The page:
The second was in response to a question asking how she manages to write different voices for the characters. She said how some characters would just come to her and how others would take some time.  I had a similar experience when I was writing my angel short story, where it took awhile before I found my main character’s voice.  She said she had trouble finding Scarlet’s voice, but when it came to her, it worked.  I like hearing writers who have similar processes as my own.  Makes me feel not so crazy and alone in the writing process!

The event ended with book signing, and Marissa’s husband went down the line of people writing our names on Post-Its to help with personalizations.  It was fun to chat with him, and it was clear he was so proud of Marissa.

I was extremely smiley and star struck and flustered when I had my chance to talk to Marissa.  I forgot to grab any swag that they had laying out on the table.  Agh!  But I told Marissa how much I loved that she blended two seemingly unlike genres (sci-fi and fairy tales) and how it was something I was working on in my own novel.  I also told her how much I loved that Cinder was a mechanic.  Yay for women in traditionally male occupations!  She was a great listener, recommended a book for me to read, and wished me luck with my writing.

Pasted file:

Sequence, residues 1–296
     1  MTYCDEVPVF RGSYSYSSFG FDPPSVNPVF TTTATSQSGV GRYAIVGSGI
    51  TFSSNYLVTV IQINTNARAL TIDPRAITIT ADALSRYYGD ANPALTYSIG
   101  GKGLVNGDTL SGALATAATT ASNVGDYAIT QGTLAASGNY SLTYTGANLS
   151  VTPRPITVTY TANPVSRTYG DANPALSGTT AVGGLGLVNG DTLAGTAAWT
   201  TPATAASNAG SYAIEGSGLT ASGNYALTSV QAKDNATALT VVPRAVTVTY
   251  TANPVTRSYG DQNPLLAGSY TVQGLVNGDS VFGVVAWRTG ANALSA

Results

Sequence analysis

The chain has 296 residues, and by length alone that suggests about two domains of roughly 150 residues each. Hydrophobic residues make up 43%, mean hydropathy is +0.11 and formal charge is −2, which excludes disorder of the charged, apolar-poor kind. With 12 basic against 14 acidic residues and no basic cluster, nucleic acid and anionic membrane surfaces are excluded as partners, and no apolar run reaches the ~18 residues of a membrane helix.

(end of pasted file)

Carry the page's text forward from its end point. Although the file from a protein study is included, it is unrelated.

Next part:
I got both my hardback copy of Cinder and my hardback of Scarlet signed.  Yay!  Hopefully, I’ll have a complete signed collection someday because I’m confident this is going to be one of my favorite book series.

I just finished re-reading Cinder this evening, and I’m going to go start Scarlet… NOW!  Watch for a review in the next week or so!

Gaithersburg Book Festival 2012